The coffee shop company Tim Hortons has attracted considerable attention for its latest promotional campaign where consumers can win prizes — including cars — by rolling up the rims of their paper coffee cups, but CBC News was curious to know what the odds were for winning a substantial prize in Saskatchewan.

What are the odds?

The chance of winning a car in a Tim Hortons coffee contest is 1 in 7 million.

So how does that compare to other low-probability events? Here are a few examples:

  • Winning at least $15 million in Lotto Max: 1 in 29 million.
  • Be killed in a terrorist attack while travelling (1 in 650,000).
  • Die - during an average lifetime - of flesh-eating disease (1 in one million).
  • Be killed by lightning (1 in 56,439).

Source: CBC News research

CBC producer Anna-May Zeviar, a prize-savvy consumer who enjoys coffee, did some checking and learned more about the distribution of prizes across the country.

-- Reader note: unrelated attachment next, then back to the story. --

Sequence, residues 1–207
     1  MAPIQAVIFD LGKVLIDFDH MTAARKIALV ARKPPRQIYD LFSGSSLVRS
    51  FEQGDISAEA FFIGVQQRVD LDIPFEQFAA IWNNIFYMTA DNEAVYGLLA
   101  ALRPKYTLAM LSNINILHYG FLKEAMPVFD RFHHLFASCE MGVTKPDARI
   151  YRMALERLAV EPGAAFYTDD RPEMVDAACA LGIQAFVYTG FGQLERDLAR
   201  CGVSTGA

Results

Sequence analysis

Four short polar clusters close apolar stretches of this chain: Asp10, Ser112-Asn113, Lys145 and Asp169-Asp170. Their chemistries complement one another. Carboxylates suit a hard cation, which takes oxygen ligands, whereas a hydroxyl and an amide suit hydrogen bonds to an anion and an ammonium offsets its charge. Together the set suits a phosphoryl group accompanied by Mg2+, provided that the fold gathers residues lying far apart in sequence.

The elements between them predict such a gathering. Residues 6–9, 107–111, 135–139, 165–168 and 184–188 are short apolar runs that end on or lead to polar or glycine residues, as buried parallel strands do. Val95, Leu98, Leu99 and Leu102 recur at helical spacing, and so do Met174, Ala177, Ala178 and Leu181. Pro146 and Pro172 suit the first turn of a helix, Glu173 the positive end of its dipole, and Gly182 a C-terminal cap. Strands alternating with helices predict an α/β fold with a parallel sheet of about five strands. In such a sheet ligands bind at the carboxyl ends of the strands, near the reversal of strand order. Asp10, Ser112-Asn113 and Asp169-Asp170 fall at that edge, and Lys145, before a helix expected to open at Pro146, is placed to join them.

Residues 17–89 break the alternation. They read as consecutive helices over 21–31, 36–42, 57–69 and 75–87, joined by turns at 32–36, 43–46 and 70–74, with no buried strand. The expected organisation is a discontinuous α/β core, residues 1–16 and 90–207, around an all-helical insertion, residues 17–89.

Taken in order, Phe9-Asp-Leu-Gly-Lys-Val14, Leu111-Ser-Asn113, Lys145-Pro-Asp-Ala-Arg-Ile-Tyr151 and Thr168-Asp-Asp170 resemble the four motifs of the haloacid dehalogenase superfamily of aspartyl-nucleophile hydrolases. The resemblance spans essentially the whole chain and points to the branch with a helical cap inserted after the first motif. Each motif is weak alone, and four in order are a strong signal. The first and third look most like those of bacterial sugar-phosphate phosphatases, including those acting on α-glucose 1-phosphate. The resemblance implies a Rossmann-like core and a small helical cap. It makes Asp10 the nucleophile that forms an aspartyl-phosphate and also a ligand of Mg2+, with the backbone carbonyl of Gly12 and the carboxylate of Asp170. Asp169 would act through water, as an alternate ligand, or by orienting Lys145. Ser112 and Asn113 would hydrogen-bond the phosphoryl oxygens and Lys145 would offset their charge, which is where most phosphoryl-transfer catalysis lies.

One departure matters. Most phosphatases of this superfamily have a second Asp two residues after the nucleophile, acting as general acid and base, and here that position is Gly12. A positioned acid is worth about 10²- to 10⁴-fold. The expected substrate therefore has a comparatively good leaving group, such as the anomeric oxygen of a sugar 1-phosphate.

According to Tim Hortons, Saskatchewan is part of a region with Alberta, Manitoba, Northwest Territories, Yukon and Nunuvut where 46,571,280 cups are expected to be available for purchase. Many of those cups will simply invite people to try again. And many will have prizes of coffee or donuts.

The cups will also have the following major prizes:

  • 6 Toyota Corollas.
  • 17 prepaid Visa Cards with $5,000 on them.
  • 4,000 Gift card for Tim Hortons of $100 each.

According to the company, the odds of winning a car (in all regions where Tim Hortons operates) is one in seven million.

The contest even provides a method for consumers who do coffee runs for a group of people to fill in a form to settle any disputes about who "wins" a prize and who "bought" the coffee. The company calls the form a pre-cup, as a play on a pre-nup agreement.

With files from CBC's Anna-May Zeviar